Thursday, January 16, 2014

Audio Editing

This year's new endeavor is the world of audio books. I'd always thought this was far too expensive to be within reach, but after a friend explained ACX (Audiobook Creation Exchange), I discovered there was a way to give it a try at no cost to me. Since I started the process, I've had 4 books go live with one more in production.

What does this mean for a writer? First, it opens your audience base. Just like there are those who want print over digital, or vice-versa, there are "readers" who prefer to listen to books. And, with a wider audience base, there's the potential for increased income, which is rarely a bad thing.

As writers, we're aware of the importance of a good editor. How do you "edit" an audio book? There are some authors who say they simply sit back and listen. I couldn't do that. Here's my process.


With the ACX site open along with both my manuscript and a new document for notes, I close the door, pour a cup of coffee (okay, sometimes something a tad stronger, depending on the time of day, but snacking on things that crunch, even a little, won't work), and I start listening. What am I listening for? Of course, I'm listening for accuracy. The words the narrator says have to match the ones in the manuscript. I listen for inflection, for whether it's clear who the character is (all those admonitions to avoid too many speaker tags can kill an audio book passage), for whether the character is thinking or speaking (italics don't show up in audio, either), and for things like whether the character's 'voice' matches my vision of the character.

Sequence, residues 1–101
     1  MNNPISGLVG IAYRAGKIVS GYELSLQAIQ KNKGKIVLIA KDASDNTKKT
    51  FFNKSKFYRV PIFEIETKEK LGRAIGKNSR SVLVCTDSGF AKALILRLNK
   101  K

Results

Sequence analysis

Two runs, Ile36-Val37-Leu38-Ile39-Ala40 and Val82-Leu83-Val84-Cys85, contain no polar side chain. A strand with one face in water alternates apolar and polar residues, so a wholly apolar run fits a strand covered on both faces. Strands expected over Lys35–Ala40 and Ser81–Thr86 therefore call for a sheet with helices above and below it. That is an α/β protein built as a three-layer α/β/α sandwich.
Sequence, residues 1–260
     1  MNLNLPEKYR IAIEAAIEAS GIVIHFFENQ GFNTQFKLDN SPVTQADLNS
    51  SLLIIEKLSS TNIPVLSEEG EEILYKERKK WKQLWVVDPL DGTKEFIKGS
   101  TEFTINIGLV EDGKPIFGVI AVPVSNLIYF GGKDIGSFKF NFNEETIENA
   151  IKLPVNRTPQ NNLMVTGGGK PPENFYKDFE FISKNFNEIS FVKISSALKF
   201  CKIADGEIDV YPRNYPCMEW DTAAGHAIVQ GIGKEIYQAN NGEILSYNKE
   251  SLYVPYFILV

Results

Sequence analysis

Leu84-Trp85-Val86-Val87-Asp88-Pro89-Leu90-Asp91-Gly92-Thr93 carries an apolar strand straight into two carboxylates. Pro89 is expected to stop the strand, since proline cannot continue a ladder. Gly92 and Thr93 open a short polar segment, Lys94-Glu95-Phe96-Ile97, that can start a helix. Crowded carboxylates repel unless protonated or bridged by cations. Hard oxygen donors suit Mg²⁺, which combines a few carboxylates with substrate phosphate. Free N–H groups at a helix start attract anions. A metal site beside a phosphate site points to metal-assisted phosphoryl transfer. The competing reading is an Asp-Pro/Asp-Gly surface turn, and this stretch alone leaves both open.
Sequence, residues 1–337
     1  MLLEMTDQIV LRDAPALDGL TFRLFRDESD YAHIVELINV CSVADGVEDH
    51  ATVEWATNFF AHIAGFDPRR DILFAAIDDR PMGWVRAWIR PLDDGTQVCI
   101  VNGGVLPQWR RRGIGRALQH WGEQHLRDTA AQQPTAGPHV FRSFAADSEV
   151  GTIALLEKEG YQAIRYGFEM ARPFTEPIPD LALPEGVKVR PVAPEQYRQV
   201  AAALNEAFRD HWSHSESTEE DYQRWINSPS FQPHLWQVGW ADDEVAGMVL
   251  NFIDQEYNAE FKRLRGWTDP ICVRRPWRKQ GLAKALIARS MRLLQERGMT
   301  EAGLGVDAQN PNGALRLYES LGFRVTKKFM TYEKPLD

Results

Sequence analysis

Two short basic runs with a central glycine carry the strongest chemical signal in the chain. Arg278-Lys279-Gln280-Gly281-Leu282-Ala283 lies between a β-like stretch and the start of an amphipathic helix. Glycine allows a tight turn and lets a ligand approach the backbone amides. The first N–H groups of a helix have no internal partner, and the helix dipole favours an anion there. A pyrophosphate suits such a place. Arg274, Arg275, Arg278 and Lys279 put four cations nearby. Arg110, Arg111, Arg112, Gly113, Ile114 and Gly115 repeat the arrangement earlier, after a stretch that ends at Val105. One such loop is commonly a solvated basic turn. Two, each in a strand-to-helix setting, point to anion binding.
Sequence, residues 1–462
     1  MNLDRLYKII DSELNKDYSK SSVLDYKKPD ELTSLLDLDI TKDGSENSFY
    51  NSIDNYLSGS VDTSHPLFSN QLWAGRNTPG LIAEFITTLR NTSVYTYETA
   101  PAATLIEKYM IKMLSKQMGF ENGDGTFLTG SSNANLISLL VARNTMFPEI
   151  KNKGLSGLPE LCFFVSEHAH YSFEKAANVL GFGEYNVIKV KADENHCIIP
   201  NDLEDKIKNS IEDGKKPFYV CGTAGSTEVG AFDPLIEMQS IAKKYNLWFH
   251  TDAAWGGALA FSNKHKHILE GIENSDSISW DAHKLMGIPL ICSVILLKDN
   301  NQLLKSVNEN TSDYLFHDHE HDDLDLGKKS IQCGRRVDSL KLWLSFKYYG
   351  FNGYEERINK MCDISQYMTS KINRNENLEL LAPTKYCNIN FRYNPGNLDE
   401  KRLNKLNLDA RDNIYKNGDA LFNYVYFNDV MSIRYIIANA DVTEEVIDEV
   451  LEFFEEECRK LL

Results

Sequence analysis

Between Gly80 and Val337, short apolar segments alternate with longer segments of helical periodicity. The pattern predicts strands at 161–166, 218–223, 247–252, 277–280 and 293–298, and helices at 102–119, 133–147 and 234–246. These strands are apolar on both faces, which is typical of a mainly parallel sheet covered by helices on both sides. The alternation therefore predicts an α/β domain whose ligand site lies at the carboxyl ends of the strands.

Unless there's a genuine problem with characterization, I don't usually say anything. In one book, the narrator had read a scene with cockiness when I thought it should be tenderness. We discussed it, she agreed, and rerecorded. But it's a LOT of work, and unless it's glaring, or clearly wrong (such as if I've said the character has a French accent and the narrator reads it with a German one), I'll leave it alone. Since I'm doing the royalty share option, I'm not the 'boss.' It's a partnership, and the narrator's opinions are just as likely to be right as mine are.


The word matching is 'easy' – if the narrator has made a mistake, I will mark the time, copy the paragraph, and highlight the mistake. Sometimes, the mistake is one that doesn't make a difference, such as reading "a" for "the".  If it's no big deal, I'll change it on my end. Because, going in, I know there are going to be mistakes in the manuscript. There's always a typo. Maybe it's just comma placement, but this listening process is probably the best editorial pass you can give your own work. And, since these are indie books, I can fix things, then upload the new version.